Re: [Idr] [internet-drafts@ietf.org: I-D Action: draft-haas-flowspec-capability-bits-02.txt]

Robert Raszuk <robert@raszuk.net> Thu, 15 April 2021 13:24 UTC

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From: Robert Raszuk <robert@raszuk.net>
Date: Thu, 15 Apr 2021 15:23:39 +0200
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To: Jeffrey Haas <jhaas@pfrc.org>
Cc: "Jakob Heitz (jheitz)" <jheitz=40cisco.com@dmarc.ietf.org>, "Dongjie (Jimmy)" <jie.dong@huawei.com>, "idr@ietf.org" <idr@ietf.org>
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Subject: Re: [Idr] [internet-drafts@ietf.org: I-D Action: draft-haas-flowspec-capability-bits-02.txt]
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Hi Jeff,

I think there is one more interesting observation to this.

Imagine I am running 1000 PEs and want to deploy some new filtering
capability to v1. For simplicity let's assume single flat layer of RRs is
used. I start upgrading say 100 routers

That means that unless the RRs can drop unsupported types on a per peer
basis I need to inject two almost identical NLRIs one with new type and one
without new types to the network.

And now the fun starts - 900 non upgraded PEs will receive the "old" NLRI,
but the new ones will receive both. And if they install the "old" one first
they will never act on matching the new types coming in subsequent NLRI.

If new comes first to some of those PEs and not the others we have mixed
behaviour again.

Only if the new comes first we have at least consistent filtering among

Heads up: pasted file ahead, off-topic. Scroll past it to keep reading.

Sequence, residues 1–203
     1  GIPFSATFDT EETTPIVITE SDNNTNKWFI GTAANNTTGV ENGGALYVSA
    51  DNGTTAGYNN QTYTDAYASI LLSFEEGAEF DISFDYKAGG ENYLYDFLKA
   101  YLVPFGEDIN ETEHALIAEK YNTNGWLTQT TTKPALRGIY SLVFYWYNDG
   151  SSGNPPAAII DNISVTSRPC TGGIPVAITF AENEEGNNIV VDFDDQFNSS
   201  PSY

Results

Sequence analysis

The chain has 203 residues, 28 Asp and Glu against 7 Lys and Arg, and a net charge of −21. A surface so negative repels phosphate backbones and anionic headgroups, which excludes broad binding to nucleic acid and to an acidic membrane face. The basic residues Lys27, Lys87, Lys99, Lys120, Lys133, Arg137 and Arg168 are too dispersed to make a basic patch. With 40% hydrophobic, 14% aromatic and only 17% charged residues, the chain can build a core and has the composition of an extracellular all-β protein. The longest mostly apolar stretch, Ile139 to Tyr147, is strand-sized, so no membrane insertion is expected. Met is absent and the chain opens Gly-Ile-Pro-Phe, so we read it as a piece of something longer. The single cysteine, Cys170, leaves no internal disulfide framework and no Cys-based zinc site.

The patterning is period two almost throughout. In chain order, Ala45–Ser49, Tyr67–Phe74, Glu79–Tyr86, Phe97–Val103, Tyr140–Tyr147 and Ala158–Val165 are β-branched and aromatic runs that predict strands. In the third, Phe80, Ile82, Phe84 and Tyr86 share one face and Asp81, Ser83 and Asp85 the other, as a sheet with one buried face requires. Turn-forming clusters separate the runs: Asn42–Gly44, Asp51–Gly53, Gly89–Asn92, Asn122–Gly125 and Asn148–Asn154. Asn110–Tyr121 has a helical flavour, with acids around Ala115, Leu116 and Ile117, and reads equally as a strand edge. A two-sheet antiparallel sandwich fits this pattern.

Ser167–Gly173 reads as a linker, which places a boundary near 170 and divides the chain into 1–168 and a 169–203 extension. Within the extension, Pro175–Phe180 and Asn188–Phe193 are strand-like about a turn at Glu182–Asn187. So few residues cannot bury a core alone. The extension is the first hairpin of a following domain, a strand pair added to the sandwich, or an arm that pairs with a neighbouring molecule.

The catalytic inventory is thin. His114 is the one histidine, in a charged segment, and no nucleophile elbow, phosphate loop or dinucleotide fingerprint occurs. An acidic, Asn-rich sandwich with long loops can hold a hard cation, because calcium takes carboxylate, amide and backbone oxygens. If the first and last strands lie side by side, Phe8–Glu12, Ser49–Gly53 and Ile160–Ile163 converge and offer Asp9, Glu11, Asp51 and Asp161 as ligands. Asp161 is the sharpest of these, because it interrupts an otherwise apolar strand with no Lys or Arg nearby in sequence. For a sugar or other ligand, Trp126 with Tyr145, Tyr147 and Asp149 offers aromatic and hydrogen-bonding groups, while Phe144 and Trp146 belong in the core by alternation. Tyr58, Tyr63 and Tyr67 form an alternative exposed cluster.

those 100 upgraded PEs.

Thx,
R.




On Thu, Apr 15, 2021 at 2:23 PM Jeffrey Haas <jhaas@pfrc.org> wrote:

> Robert,
>
> On Thu, Apr 15, 2021 at 11:42:40AM +0200, Robert Raszuk wrote:
> > Yes what Jakob and now Jeff are saying makes sense. If we are to
> introduce
> > this capability it should be only about what BGP peer understands as part
> > of the NLRI. Nothing to do with data plane and filtering. Just observe
> that
> > even if data plane supports it and even of operator enables it filter may
> > still fail to get installed due to no space. So we never know at BGP
> level
> > what got installed and what not.
> >
> > Now - I am still seriously concerned to add this to v1. Well unless we
> also
> > add the notion of optional types. That means that when setting up a
> filter
> > (manually or programmatically) types have an "Optional" flag - which
> means
> > that if a peer does not support this type it is ok to drop it and sent
> all
> > remaining types in NLRI instead of not sending the entire NLRI at all.
>
> If I'm understanding this correctly as "strip some parts of the match
> components", I think we'll find that problematic.
>
> A useful bit of this conversation is we're getting discussion about what
> happens when you have inconsistent filtering behaviors in a flowspec
> domain.
> This was going to be a problem regardless of how we pass around the state
> for it; flowspec v1 with new fields, or flowspec v2.
>
> I also suspect this is not as dire as people are fearing.  Even in the
> route
> reflector dissemination model, it's fairly common for deployments to have a
> distinct route reflector plane for flowspec.  This avoids the concern that
> errors in a flowspec session may have collateral damage for other address
> families carried on the same peering session.
>
> What this tends to mean is that such deployments are mostly one step away
> from the targeted session deployment that is the alternative option.  This
> means that grouping devices into sets that can support common classes of
> filtering isn't a massive operational challenge.
>
> That said, it's understood that passing flowspec in-band with a normal
> peering session can still happen.  This will still likely be the case for
> the providers that accept flowspec from their customers.  (A small number
> based on my experience.)  But it does have overlap with inter-domain
> deployment for the same administrative group - multiple ASes for same
> entity.
>
> -- Jeff
>